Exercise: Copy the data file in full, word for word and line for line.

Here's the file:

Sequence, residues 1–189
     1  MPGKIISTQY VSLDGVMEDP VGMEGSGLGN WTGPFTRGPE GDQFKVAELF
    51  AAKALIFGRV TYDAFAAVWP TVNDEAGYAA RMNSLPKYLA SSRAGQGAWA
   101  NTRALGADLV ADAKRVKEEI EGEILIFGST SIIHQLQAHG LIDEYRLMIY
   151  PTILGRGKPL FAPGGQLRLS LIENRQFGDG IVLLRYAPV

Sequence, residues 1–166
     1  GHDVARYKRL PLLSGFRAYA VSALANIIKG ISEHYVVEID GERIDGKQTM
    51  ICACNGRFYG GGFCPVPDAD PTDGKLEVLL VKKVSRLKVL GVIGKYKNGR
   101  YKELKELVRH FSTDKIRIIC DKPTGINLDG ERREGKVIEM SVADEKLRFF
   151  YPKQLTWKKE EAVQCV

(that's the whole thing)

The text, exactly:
Sequence, residues 1–189
     1  MPGKIISTQY VSLDGVMEDP VGMEGSGLGN WTGPFTRGPE GDQFKVAELF
    51  AAKALIFGRV TYDAFAAVWP TVNDEAGYAA RMNSLPKYLA SSRAGQGAWA
   101  NTRALGADLV ADAKRVKEEI EGEILIFGST SIIHQLQAHG LIDEYRLMIY
   151  PTILGRGKPL FAPGGQLRLS LIENRQFGDG IVLLRYAPV

Sequence, residues 1–166
     1  GHDVARYKRL PLLSGFRAYA VSALANIIKG ISEHYVVEID GERIDGKQTM
    51  ICACNGRFYG GGFCPVPDAD PTDGKLEVLL VKKVSRLKVL GVIGKYKNGR
   101  YKELKELVRH FSTDKIRIIC DKPTGINLDG ERREGKVIEM SVADEKLRFF
   151  YPKQLTWKKE EAVQCV